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Old 01-16-2015, 10:42 AM
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If they don't build it, they will never come. The only reason 1080p 3D TVs were built was because of the Blu-ray 3D format. 4K 3D TVs that support MVC will never be built if it is not included in the Blu-ray 4K format.
I would not be so quick to pass judgement in this area. Your thesis is based on hanging on to an older technology for media distribution, hard media. While it is true that hard media, bluRay offers the most bang for the buck today, it is quickly being eclipsed by streaming content as bandwidth capability around the world is rapidly getting better. I see the future in media distribution being entirely streamed and downloadable via the internet to home based servers. Don't judge the present limited offerings of today's streaming content and believe that is where progress in this area stops. In the future, the best bang of quality, 8K content, high bit rate color, 3D frame packed, and full multi channel master audio, Dolby Atmos, as well as a whole host of bonus content and something new- interactive viewer participation will all be available with internet distribution. Hanging your hat on BluRay optical disk is a temporary soon to die distribution method that has it's own limitations in capacity, and delay in delivery, not to mention ridiculous manufacturing costs.

When I was at CES I questioned reps at Sony, LG, and Samsung about BluRay for 4K and they all said the same thing. It's going to be short lived as we're all heading to all digital download and streaming very very soon. Sony has been the leader in this with their already on the market 4K server. I suspect you will soon see independents like TIVO offer a 4K server that will be compatible with the new 4K TV's The real trick here is making sure what you buy will connect to these servers.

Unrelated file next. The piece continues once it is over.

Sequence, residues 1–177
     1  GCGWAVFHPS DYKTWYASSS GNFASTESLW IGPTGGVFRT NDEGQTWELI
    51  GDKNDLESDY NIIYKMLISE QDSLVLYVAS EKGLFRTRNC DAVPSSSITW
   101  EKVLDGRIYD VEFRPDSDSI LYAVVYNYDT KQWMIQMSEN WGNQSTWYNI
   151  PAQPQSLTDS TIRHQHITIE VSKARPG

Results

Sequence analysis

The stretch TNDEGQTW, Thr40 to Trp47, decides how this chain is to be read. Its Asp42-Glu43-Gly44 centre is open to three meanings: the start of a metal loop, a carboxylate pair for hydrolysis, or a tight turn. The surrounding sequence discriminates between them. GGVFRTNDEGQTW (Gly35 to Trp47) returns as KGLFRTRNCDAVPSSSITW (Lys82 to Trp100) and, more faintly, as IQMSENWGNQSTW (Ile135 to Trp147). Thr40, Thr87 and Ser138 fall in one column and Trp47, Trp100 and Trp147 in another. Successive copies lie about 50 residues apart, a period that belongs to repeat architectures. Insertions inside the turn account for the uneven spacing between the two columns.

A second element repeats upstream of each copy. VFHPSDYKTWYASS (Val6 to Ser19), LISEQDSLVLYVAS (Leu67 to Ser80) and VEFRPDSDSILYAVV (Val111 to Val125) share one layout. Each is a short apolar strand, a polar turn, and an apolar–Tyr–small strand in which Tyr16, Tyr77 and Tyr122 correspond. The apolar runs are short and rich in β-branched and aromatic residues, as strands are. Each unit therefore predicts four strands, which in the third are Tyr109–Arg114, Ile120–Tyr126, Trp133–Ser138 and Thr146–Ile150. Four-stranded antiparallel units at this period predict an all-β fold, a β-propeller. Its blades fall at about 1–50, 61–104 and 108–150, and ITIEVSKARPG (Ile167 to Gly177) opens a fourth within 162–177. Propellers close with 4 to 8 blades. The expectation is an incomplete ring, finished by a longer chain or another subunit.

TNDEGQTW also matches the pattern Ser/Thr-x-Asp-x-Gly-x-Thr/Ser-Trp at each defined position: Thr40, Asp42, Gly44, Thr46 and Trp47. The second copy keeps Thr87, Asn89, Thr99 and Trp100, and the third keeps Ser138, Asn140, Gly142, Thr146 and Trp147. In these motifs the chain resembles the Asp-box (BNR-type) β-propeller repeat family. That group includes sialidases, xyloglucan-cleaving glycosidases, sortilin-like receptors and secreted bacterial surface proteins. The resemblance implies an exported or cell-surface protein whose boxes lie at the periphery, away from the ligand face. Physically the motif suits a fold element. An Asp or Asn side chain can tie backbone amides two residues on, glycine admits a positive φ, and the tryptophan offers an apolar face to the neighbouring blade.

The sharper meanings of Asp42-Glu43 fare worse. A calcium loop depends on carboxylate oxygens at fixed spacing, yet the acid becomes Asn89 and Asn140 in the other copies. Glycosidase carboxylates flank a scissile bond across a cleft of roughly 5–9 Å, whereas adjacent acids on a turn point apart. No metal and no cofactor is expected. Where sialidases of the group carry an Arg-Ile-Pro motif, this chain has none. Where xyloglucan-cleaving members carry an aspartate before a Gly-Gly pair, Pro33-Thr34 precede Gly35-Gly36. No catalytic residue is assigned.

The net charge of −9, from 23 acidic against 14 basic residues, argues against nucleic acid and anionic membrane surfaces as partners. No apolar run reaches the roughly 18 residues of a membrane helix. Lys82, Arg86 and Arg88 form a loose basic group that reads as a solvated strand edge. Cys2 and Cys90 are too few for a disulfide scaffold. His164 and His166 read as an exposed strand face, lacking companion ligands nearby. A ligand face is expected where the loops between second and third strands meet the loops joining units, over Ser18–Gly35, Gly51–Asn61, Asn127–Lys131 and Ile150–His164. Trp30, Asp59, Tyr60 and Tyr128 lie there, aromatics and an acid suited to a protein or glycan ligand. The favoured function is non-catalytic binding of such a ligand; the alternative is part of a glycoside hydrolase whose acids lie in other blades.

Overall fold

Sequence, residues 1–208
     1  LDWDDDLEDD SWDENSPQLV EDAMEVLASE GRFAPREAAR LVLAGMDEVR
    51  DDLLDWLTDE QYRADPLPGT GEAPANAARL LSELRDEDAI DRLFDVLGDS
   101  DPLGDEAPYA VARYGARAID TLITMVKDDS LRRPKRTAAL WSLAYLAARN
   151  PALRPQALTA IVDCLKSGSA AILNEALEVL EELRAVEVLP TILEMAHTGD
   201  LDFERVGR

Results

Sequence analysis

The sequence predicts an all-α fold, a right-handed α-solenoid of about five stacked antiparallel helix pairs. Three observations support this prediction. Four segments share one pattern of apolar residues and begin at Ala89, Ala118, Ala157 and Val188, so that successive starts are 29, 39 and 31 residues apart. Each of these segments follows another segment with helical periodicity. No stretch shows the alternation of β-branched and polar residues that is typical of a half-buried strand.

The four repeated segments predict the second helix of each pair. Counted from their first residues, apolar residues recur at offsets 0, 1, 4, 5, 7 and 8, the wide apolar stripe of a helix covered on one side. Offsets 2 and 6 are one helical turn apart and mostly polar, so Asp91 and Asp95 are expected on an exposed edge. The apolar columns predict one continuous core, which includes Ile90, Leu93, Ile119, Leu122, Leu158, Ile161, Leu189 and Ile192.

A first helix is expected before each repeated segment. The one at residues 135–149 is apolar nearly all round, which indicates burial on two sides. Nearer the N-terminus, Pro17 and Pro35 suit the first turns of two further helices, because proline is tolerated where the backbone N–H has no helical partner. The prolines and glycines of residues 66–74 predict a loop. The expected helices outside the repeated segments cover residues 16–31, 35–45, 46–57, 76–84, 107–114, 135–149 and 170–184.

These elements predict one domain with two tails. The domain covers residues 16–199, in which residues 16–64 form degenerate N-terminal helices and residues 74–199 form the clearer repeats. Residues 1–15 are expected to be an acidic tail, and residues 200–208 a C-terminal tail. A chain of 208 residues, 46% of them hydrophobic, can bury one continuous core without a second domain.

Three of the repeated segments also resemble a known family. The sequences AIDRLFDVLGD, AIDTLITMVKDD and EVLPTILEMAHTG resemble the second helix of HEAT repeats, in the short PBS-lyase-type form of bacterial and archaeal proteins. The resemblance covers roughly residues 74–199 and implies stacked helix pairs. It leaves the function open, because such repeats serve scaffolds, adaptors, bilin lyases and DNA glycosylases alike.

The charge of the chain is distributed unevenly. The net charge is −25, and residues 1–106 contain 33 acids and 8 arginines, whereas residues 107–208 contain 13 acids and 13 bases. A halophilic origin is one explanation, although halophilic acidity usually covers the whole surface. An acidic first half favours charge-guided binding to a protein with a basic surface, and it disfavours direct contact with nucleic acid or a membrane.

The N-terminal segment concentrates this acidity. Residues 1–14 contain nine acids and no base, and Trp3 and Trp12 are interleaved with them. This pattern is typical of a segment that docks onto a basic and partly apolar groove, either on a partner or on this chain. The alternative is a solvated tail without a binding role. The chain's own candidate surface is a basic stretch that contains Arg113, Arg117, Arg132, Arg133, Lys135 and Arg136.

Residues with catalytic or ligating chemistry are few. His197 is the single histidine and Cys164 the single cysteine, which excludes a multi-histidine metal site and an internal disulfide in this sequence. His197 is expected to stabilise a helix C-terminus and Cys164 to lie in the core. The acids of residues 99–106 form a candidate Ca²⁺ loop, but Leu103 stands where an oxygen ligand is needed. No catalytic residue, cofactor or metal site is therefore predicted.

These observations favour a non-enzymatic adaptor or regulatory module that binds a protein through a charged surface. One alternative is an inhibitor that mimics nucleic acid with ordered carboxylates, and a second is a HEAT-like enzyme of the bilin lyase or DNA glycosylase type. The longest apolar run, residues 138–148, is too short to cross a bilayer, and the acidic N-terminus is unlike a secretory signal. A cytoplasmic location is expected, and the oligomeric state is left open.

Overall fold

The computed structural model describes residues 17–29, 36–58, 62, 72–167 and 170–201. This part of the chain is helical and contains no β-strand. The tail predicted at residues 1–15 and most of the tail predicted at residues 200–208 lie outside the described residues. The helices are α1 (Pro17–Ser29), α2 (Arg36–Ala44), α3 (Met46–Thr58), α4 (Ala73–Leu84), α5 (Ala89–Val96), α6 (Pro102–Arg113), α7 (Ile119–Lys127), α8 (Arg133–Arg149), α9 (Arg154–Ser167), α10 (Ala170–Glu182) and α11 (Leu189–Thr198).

I'm content with the price drop now for LED 3D 4K tv's and prefer passive. I've seen it and if sitting at a comfortable distance the black lines on the 4K set is barely noticeable. Even on my 2K Passive sets the lines are only noticeable when wearing my passive glasses and there is a 2D program. When 3D is playing the lines fill in. But the nice thing for me with passive is I can watch it all day when editing 3D and not suffer any eye strain. When I watch longer than 3 hours using my active screen I begin to suffer eye strain and slight headache, unless I do take a 40 minute break. I'm not saying everyone is affected this way but both my wife and I are with active. However, I love the higher resolution and larger image I can see with the active screen. When I get a 4K, I hope to choose a passive panel and maybe later on another active projector in 4K. I, a long way off from making the move, however. Enjoying what I now have.



Never say never.
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Last edited by Don Landis; 01-16-2015 at 10:46 AM.
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Old 01-16-2015, 11:13 AM
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In the future, the best bang of quality, 8K content, high bit rate color, 3D frame packed, and full multi channel master audio, Dolby Atmos, as well as a whole host of bonus content and something new- interactive viewer participation will all be available with internet distribution. Hanging your hat on BluRay optical disk is a temporary soon to die distribution method that has it's own limitations in capacity, and delay in delivery, not to mention ridiculous manufacturing costs.
Maybe. But right now (except for NF), they can't even provide uncompressed audio. Heck, not even close-captioning!
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Old 01-16-2015, 01:45 PM